Magazine article Liberal Education

1945 Opening the Doors of Opportunity: Liberal Education and the Veterans

Magazine article Liberal Education

1945 Opening the Doors of Opportunity: Liberal Education and the Veterans

Article excerpt

Introduction

Since the GI Bill radically changed U.S. higher education, the question arose as to whether (then) AAC was involved in the planning and implementation of the GI Bill that brought service men and women to college and university campuses. The answer is that the Association was deeply involved, if one looks at the guest speakers at AAC's Annual Meeting of January 10 to 12, 1945, held in Atlantic City, New Jersey.

At this meeting, the presidents in attendance heard about postwar planning from such speakers as Archibald MacLeish, poet and assistant secretary of state, who spoke about the democratization of communications after the war. General George C. Marshall, chief of staff of the United States Army, spoke "off the record" (because he did not want his talk in the press before he had presented this proposal to Congress) on the topic "Compulsory Military Training." Charles H. Bolte, chairman of the American Veterans Committee, a disabled veteran and alumnus of Dartmouth College Class of 1940, spoke about the impact of the GI Bill on the nation's campuses.

There are several papers taking a variety of angles regarding the returning veterans entering the colleges and schools. AAC members were persuaded of the merits of the GI Bill; they also recognized the personal and educational difficulties involved in veterans' entry into higher education. Although it was delivered on January 15, after the meeting, over the Columbia Broadcasting System, a paper by Francis F. Gaines, president of Washington and Lee University and president of AAC for 1944-45 (Guy Snavely was executive director), was published with the proceedings. It is a succinct statement about veterans' education including liberal education. -EDITOR

Opening the Doors of Opportunity: Liberal Education in the Veterans' Program

One historic event in this epoch that has recorded much history is an unprecedented compliment paid to education.

Through all the centuries peoples in crisis have turned to education. Twenty-seven centuries ago, to an Israel that was in blackest night of military disaster and economic depression, Isaiah offered as ultimate comfort: "Though the Lord give you the bread of adversity and the waters of affliction, nevertheless shall thy teachers be not removed." In our own crisis of military peril, this nation turned to the schools. In direct service to the maintenance of this war, the whole educational system of America, and particularly the institutions of higher learning, proved a resource comparable with the training facilities of our enemies, though we had certainly not matched them in planning for military efficacy. Our schools trained multitudes of men and women, some in uniform and some in the ranks of specialized production; our schools made available laboratories for varied research; our schools sent from faculty ranks a great group, perhaps the greatest group, of specialists for expert inquiry; our schools developed on the campus an alert and energetic young citizenship, which worked with distinction in its own field and proved influential in stimulating effort among other zones of our society.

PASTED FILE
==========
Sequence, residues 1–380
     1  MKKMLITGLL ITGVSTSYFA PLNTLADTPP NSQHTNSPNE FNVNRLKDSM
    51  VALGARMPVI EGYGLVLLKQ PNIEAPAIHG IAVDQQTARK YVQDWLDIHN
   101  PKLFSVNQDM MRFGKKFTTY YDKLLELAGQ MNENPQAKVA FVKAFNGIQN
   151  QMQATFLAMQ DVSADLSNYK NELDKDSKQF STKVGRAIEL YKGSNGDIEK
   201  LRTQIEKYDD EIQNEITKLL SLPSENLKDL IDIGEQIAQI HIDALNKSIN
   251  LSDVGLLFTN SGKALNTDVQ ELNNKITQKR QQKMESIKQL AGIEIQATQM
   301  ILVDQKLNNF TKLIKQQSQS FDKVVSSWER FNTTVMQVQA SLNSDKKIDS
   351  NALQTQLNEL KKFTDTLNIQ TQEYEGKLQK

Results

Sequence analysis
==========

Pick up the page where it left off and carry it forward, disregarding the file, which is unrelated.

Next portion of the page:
The compliment paid education, however, does not rest upon a recognition of this wartime contribution. The tribute to education is in the fact that the government provides for further training of these veterans as security and promise for the days of peace. Never before have so many doors of opportunity been opened to hundreds of thousands of American youth. Never before has a nation so completely vested its hope of a better, as well as a secure, future in the training of its youth.

For a better world

This program has met with what is practically unanimous accord. The American people feel that the provisions of what we know as the "GI Bill of Rights" are just an attempt at restitution -as far as any restoration is possible-of the bright and important years requisitioned for national defense. Our people feel, moreover, that society needs to recapture the talents, the potential, of all the boys and girls-by now two full academic generations of them-now in uniform. …

Search by... Author
Show... All Results Primary Sources Peer-reviewed

Oops!

An unknown error has occurred. Please click the button below to reload the page. If the problem persists, please try again in a little while.